Georgios A. Florides, Paul Christodoulides
Photographs are information sources and, as such, are used to provide evidence for many historical events. Such events were the lunar landing missions of the USA Apollo program in the end of 1960s and early 1970s. Many reels of film and video recordings have been made public to attest to the case, where in all the evidence provided, the moon surface is nearly devoid of strong colors and gray predominates. The present article addresses this issue by presenting images of the Apollo missions and assessing them through scientific knowledge that was available before or accumulated after the missions. Before the Apollo landings, observations from the Earth showed a red-brown color, agreeing with photographic evidence from orbits performed just before or just after the first Moon landing mission. New Moon missions provide contradicting evidence, as many photographs – in visible color – show a rather brown to red surface, not matching the Apollo observations. Particularly, three recent Chinese landing missions (2013-2020) show a consistent strong red brown color for the surface of the Moon, while missions from Japan and India show the gray surface of the Apollo missions. With the advancement of digital photography and relevant software, it is today easy to photograph the lunar color in visible light using relatively cheap equipment. Unfortunately, the result of using digital photography does not give a clear answer It is hence up to the space agencies that own the original photographic data to clarify the matter.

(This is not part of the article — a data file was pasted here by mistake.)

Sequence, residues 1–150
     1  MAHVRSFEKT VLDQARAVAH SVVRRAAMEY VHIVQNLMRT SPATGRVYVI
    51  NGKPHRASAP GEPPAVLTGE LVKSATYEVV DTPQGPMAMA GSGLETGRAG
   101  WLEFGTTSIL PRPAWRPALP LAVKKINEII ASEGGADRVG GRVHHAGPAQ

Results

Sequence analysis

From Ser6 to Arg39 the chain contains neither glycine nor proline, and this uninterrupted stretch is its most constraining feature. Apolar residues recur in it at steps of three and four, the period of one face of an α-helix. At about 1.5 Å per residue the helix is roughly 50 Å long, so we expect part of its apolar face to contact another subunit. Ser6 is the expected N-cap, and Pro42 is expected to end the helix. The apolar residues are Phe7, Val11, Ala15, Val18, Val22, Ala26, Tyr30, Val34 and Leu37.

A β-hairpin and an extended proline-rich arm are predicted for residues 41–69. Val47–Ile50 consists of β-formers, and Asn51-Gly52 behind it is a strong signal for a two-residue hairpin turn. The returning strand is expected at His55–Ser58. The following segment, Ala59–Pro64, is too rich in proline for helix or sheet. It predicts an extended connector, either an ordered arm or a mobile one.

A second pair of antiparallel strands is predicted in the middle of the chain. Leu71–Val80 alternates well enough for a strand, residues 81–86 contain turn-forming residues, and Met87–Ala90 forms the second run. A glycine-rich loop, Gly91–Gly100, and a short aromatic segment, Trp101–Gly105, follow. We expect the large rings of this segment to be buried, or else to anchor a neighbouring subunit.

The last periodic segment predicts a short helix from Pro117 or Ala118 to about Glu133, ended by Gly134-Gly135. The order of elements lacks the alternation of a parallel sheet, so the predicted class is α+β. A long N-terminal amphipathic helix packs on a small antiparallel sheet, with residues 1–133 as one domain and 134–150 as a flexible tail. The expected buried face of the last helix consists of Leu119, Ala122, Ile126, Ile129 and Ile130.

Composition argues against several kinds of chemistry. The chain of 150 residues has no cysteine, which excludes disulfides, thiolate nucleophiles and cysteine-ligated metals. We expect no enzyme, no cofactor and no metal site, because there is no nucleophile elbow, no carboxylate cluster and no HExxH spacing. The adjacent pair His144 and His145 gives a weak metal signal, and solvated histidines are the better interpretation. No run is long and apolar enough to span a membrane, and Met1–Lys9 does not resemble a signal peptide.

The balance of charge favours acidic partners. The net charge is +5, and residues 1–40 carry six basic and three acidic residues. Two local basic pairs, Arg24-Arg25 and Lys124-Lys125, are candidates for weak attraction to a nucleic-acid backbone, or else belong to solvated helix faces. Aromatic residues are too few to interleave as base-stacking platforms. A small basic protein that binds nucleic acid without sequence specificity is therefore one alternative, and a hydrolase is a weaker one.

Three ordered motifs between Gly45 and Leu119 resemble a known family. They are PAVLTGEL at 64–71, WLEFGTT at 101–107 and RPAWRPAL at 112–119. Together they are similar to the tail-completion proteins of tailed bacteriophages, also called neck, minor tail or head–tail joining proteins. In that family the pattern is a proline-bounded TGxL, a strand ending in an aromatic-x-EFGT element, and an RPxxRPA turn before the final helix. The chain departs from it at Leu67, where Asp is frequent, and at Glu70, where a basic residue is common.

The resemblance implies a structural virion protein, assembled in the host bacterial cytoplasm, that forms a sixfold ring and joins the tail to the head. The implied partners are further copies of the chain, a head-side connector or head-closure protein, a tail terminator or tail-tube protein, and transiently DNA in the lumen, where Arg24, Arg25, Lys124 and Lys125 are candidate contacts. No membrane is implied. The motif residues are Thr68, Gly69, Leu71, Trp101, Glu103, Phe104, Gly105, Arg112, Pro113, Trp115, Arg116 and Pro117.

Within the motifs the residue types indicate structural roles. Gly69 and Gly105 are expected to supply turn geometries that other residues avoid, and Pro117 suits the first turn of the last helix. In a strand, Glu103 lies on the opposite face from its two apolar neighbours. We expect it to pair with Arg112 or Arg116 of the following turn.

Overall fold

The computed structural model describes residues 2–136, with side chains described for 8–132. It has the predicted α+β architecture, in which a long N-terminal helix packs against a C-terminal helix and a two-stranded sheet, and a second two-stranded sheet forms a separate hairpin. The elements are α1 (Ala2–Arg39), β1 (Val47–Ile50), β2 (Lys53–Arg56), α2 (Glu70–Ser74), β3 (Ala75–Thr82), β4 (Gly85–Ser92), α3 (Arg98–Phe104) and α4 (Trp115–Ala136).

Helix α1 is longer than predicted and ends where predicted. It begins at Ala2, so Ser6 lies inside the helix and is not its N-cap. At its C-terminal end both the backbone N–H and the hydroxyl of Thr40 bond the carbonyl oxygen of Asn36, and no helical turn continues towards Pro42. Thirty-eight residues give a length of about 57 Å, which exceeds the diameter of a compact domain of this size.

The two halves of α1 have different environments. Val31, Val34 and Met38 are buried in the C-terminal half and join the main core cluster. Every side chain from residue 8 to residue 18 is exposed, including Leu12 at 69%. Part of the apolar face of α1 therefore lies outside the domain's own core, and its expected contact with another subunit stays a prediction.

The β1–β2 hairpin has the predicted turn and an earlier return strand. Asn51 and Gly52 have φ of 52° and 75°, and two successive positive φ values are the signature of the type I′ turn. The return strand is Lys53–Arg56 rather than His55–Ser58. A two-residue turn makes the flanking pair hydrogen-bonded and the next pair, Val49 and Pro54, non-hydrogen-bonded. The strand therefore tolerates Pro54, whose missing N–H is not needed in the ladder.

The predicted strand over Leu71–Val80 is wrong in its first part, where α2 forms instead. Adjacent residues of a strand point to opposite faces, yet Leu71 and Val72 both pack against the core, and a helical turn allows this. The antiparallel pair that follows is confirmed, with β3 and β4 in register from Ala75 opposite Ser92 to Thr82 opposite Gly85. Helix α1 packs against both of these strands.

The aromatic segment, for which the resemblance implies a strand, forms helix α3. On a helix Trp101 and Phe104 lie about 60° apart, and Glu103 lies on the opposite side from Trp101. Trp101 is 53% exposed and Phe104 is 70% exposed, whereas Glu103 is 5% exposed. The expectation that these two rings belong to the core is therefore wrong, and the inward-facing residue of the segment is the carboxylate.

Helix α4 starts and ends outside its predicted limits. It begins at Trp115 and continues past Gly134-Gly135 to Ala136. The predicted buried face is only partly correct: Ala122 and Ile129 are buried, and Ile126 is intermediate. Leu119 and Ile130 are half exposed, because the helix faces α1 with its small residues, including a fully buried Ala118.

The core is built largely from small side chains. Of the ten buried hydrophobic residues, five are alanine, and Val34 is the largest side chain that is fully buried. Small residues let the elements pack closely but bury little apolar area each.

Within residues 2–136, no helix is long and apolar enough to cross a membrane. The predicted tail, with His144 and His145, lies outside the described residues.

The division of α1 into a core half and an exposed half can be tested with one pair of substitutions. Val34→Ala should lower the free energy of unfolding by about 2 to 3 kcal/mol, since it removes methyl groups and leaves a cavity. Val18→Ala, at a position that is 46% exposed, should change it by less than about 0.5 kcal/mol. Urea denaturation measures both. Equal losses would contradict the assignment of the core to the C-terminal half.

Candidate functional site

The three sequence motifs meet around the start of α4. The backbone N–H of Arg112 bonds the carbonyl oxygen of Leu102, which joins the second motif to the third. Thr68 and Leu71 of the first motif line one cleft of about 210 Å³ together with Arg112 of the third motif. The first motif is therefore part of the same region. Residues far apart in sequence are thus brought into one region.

Lunar surface color, Moon, Lunar soil, Apollo missions’ photography, Visible color
Cite this paper
Georgios A. Florides, Paul Christodoulides. (2021) The color of the Moon in visible light through a review of published photographs. A paradox?. International Journal of Cultural Heritage, 6, 48-62